Lowest pup count sparks concern

New Zealand sea lions — female light coloured, male dark — cover the beach at the western end of...
New Zealand sea lions — female light coloured, male dark — cover the beach at the western end of Sandy Bay on Enderby Island in this file photograph. PHOTO: STEPHEN JAQUIERY
Southern environmentalists have expressed grave concern after this year’s Auckland Island sea lion breeding season produced the lowest "pup count" since record-keeping began.

New Zealand Sea Lion Trust co-chairman Shaun McConkey said until the cause of the sharp decline was understood, there should be a ban on fishing where sea lions foraged in the area.

The dramatic drop in the number of sea lion pups — 24% below last year’s count — indicated the squid fishery management strategy in place for the past four years was not working.

"The Auckland Island pup count in 2023 was the lowest on record since annual reporting started in 1995.

"The fishery can have direct effects on sea lions, such as deaths from fishing gear interactions, and indirect effects on sea lions, such as reducing the available food in the sea lions’ foraging grounds around Auckland Island [Motu Maha].

"These indirect effects can occur through catching of sea lion prey species, and damage of the marine habitat, and through fishing techniques such as bottom trawling."

In the trust submission to the recently closed consultation on the southern squid trawl fishery operational plan, Mr McConkey said the trust had "grave reservations" that none of the options under consideration would minimise the effects on the marine mammals.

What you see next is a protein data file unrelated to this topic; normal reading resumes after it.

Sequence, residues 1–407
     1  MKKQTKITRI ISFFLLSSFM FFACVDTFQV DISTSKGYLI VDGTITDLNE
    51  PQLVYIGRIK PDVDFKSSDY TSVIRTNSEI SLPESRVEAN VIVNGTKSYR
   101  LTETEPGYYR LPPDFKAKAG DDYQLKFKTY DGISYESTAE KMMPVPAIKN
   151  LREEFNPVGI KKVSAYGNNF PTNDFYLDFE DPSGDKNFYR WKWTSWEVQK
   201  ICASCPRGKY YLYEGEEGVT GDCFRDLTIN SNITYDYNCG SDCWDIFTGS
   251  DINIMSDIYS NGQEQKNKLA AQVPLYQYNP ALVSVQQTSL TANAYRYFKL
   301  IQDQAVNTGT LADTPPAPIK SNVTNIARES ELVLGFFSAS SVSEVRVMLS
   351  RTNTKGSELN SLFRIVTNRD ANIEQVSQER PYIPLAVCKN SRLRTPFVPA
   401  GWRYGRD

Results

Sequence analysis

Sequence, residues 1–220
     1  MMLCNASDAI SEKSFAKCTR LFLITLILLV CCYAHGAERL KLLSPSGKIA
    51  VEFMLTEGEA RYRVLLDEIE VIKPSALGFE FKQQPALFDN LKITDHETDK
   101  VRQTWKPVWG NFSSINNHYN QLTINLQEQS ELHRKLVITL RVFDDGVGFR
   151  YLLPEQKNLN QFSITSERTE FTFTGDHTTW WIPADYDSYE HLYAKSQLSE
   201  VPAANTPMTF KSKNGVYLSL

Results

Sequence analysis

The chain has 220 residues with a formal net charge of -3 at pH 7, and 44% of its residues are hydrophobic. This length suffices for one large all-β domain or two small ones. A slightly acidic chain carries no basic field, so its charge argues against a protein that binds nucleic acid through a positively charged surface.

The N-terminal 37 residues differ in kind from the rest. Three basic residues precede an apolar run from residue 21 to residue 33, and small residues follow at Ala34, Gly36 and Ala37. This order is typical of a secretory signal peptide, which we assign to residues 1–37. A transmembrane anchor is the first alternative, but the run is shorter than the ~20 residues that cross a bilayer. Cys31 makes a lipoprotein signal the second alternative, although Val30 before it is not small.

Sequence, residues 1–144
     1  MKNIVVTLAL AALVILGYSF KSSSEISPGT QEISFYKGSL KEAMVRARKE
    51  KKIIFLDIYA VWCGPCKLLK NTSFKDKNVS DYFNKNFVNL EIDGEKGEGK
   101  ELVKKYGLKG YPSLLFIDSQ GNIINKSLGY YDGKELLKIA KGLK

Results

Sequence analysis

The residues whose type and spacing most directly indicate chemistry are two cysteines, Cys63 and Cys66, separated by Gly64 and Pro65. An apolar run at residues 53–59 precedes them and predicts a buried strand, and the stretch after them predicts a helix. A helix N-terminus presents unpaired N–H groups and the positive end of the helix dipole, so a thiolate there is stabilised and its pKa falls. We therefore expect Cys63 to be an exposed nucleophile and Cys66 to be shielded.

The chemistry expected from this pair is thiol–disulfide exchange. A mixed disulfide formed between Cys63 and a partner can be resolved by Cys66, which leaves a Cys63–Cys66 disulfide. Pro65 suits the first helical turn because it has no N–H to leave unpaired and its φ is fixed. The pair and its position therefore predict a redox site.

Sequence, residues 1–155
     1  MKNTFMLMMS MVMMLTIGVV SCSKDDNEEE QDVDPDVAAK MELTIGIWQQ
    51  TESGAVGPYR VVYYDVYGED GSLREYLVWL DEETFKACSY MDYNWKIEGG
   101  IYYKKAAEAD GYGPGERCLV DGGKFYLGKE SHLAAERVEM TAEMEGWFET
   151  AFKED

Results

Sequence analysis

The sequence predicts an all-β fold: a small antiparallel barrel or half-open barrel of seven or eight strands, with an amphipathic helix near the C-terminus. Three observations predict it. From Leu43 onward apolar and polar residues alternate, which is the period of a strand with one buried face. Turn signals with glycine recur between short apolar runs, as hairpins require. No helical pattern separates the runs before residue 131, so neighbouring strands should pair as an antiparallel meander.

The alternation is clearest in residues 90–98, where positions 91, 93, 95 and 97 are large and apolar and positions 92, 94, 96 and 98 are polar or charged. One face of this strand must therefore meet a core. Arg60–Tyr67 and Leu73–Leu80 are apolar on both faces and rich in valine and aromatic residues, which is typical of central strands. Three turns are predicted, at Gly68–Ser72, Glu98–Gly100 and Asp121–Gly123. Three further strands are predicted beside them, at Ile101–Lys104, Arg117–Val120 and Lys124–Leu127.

Forest & Bird Otago Southland regional conservation manager Chelsea McGaw said the organisation held similar concerns.

The low pup count this year represented a "massive decline" in what was a "stronghold" for the species.

"Only 1.5% of the population is on the mainland coast and it isn’t even big enough to be considered a breeding colony yet, so the Auckland Island population is incredibly important," she said.

Fisheries New Zealand acting director fisheries management Robert Gear said the reason for the decline was unclear and was being investigated by the Department of Conservation (Doc).

"It cannot be linked to a disease outbreak and there has been no associated increase in sea lions being caught by fishing vessels."

The organisation said the 2019-23 plan was due to expire at the end of next month, but the low pup count had triggered a review.

Monitoring this year produced an estimated pup count of 1278, "a marked decrease in numbers" after pup counts averaged 1730 pups a year over the past decade, consultation documents said.

Commercial fishing was banned within 12 nautical miles of the Auckland Islands after the area was designated a marine reserve in 2003, but sea lions foraged beyond the limit and there was overlap, it said.

The proposal was to keep the management approach similar to the present four-year plan, but to put a greater emphasis on female sea lion captures because of their significance to reproduction.

The present annual fishing-related mortality limit of 52 sea lions was proposed to be reduced to either 24 sea lions (or 12 female) or 48 sea lions (24 female).

Minimum observer coverage of the southern squid trawl fishery would decrease to a proposed 50% or 70%.

The new management plan would be reviewed in five or 10 years, it said.

Mr McConkey said the New Zealand Sea Lion Trust welcomed Doc’s investigation into possible causes of the low pup count, including "changes in female sea lion breeding rates, food availability, climate change and disease".

However, until Doc made recommendations based on findings, a precautionary approach towards sea lions was required.